Also consider publicity and professionalism. Publicity is simple: if people don’t know that you exist, they can’t commission your art. You aren’t doing yourself any favors by asking this anonymously, for instance. Now I know that there’s some anon out there with a cute art style and reasonable prices, but even if that’s exactly up my alley, I still don’t know how to reach you. 

Professionalism is another competitive advantage, and a lot of amateur artists don’t really think about it. As a buyer, I want to know exactly what I’m getting for my money, and I want confidence that the artist will deliver what they say they will. I want to see past commissions and reviews from your previous customers. Ideally, I want a referral from someone I know and trust. I also look for a well-defined price list with examples, an estimated production time, and licensing and payment terms.

Let me expand on that. When I commission art, I want to know if I’m buying work for hire, or some sort of license. I don’t necessarily expect amateur artists to fully advertise everything on their commission page, but if a customer asks, you should have your answers ready.

For example, say that I want to commission a logo for my company. I want to own the intellectual property so that I can replicate it freely, sell it on my merchandise, license it to others if I want, etc. All the rights would belong to me, not the artist. This would be considered work-for-hire. You don’t have to do work for hire if you don’t want to! Many artists refuse to, and the ones who do charge lots more for it. But if I ask if you do work-for-hire, you should be able to give me a quick, simple answer - and if you do, tell me what your prices are. It’d be even better if your price list included the information up front.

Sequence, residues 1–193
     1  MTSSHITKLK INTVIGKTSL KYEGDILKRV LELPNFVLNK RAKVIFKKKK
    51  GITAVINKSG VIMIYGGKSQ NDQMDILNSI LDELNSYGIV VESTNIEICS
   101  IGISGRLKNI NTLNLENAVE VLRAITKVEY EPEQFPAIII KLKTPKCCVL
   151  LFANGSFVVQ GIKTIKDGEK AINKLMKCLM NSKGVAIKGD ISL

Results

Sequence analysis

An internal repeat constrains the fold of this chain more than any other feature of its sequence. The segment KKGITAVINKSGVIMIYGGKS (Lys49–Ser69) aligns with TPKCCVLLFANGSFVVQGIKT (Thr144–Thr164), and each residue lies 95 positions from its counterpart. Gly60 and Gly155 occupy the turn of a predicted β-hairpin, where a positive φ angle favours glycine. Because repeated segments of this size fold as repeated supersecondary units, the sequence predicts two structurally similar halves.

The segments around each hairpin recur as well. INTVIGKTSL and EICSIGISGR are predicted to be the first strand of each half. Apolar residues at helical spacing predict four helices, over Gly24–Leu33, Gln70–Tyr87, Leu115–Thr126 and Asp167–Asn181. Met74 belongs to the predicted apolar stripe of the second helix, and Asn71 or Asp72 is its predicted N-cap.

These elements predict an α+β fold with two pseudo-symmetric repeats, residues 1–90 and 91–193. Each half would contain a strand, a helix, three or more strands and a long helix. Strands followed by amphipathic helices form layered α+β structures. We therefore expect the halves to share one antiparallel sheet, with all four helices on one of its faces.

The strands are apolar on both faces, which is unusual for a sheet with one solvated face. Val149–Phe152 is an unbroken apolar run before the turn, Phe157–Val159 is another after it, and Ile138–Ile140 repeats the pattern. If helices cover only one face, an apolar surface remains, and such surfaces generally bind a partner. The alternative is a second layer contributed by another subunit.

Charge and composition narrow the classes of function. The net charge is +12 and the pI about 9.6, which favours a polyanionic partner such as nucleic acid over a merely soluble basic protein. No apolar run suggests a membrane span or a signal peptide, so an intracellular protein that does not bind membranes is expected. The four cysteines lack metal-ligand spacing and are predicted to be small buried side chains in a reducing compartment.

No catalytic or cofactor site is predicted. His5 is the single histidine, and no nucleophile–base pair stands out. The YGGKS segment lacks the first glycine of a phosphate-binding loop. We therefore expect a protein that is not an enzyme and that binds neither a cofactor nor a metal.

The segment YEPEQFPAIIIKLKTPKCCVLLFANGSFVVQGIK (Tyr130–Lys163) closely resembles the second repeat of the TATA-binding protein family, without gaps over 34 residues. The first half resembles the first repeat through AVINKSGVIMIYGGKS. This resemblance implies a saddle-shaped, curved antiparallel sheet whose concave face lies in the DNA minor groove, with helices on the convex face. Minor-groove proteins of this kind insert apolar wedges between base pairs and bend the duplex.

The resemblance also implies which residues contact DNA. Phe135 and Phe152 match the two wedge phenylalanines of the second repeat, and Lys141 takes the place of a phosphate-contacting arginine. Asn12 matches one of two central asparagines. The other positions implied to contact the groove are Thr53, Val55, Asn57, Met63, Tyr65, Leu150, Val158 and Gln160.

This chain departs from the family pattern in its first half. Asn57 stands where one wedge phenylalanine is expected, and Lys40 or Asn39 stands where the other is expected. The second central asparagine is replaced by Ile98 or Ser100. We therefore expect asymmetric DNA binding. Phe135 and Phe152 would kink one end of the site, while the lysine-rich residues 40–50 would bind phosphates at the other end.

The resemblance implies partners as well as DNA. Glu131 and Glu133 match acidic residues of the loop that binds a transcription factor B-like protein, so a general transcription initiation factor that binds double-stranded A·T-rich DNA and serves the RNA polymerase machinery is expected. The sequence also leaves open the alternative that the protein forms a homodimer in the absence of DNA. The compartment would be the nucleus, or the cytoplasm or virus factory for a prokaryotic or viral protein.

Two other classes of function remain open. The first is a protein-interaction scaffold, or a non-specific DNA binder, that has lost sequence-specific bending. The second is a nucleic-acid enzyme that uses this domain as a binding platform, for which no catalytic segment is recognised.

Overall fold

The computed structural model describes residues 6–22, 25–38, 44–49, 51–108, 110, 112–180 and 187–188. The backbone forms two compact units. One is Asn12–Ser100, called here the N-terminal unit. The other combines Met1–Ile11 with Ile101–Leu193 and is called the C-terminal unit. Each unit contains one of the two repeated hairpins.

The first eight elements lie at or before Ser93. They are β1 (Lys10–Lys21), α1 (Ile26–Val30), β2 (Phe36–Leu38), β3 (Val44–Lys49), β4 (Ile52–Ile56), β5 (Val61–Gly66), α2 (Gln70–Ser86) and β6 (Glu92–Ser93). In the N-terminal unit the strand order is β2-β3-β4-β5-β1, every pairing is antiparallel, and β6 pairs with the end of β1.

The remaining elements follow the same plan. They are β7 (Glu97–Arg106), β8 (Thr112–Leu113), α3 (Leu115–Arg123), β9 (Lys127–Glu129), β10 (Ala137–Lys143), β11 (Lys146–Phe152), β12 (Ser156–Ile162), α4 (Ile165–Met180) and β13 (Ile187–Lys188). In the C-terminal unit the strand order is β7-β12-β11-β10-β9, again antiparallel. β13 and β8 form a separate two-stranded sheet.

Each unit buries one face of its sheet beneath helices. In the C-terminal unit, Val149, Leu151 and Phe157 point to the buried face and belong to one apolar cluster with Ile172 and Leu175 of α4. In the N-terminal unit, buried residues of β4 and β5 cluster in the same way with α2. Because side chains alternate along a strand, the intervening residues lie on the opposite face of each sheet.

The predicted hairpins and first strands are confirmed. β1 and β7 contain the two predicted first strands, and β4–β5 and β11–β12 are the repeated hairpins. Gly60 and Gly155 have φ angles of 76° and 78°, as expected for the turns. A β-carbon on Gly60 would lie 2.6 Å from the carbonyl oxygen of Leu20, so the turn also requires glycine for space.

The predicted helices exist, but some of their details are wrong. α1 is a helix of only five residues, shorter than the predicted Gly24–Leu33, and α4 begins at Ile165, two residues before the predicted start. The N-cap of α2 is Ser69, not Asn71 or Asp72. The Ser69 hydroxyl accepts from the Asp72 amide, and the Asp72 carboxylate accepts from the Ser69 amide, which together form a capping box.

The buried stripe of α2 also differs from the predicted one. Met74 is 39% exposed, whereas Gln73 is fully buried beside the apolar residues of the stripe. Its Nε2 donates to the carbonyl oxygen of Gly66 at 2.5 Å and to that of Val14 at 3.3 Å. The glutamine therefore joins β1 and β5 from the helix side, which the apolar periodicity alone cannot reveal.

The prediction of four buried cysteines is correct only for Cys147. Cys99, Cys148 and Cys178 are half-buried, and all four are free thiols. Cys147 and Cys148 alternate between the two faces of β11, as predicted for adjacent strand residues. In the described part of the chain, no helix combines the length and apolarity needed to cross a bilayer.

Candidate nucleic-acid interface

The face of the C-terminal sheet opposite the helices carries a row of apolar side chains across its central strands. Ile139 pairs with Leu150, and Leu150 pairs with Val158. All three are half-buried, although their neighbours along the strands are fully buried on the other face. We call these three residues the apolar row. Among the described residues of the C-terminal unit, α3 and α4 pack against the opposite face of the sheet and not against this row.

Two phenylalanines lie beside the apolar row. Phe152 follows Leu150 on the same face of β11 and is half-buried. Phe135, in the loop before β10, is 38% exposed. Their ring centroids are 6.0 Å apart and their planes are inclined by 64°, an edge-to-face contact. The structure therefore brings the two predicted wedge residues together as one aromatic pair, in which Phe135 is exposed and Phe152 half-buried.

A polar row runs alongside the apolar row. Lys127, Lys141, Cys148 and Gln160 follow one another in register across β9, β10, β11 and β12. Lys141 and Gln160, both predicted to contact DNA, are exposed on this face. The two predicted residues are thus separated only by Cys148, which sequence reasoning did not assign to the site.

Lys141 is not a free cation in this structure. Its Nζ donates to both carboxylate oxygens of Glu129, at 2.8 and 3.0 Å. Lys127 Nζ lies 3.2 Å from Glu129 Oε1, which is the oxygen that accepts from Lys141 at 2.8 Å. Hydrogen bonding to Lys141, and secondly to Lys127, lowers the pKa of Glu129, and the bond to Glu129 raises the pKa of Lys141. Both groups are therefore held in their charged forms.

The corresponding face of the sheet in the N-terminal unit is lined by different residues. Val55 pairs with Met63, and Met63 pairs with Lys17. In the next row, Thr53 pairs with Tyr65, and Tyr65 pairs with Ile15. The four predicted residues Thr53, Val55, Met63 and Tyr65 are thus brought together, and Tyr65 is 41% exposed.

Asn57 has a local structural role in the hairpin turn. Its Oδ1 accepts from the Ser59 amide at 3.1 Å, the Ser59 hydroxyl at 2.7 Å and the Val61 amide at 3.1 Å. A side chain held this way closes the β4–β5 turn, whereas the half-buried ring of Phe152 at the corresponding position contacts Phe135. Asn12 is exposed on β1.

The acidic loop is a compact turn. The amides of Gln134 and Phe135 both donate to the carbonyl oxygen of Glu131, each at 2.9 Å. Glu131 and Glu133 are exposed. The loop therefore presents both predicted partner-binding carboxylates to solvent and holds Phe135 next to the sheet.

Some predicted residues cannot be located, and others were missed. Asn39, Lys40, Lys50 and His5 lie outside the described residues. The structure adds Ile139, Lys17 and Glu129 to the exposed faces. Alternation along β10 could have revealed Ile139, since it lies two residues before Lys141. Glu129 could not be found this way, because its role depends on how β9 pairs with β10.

Or maybe I just want art for my favorite original D&D character! I want to know which rights you are selling me to that art. One copy for personal use is the bare minimum, but can I do more with it? Can I put it up on my campaign website? Can I make copies to hand out at Gen Con if I reuse the character two years later as a pregen in the module that I’m running? Do I get the original art (if it’s a traditional medium) or just a digital copy? Do you retain the right to use the art as part of your portfolio? Do you retain the right to sell coffee mugs with that art on? It’s nice to know the answers to these questions, and to have appropriate boilerplate drawn up in case the buyer needs a contract.

You also want well-defined payment and approval processes. You don’t want to put a lot of time and effort into your art, only for me to refuse to pay you. I don’t want to pay you up front, only to get completely the wrong art. The usual compromise is to arrange for payment in installments. The minimal example would be: I pay a half up front, you do the art, then I pay the rest. It doesn’t have to be half and half, though and you can add more steps at different points in the production process. Maybe I pay 1/3, you send me the line art for approval, I pay another 1/3, you send me the final art, I pay the last 1/3. There are a lot of ways to do this, but the important part is that you have put some thought into this and know how you want to do it, and how much you are willing to compromise with what the buyer wants. (There is one artist who asks for cash up front whom I am seriously considering offering her usual rate up front, plus a bonus on completion simply because that incentivizes her to complete the art in a timely manner.)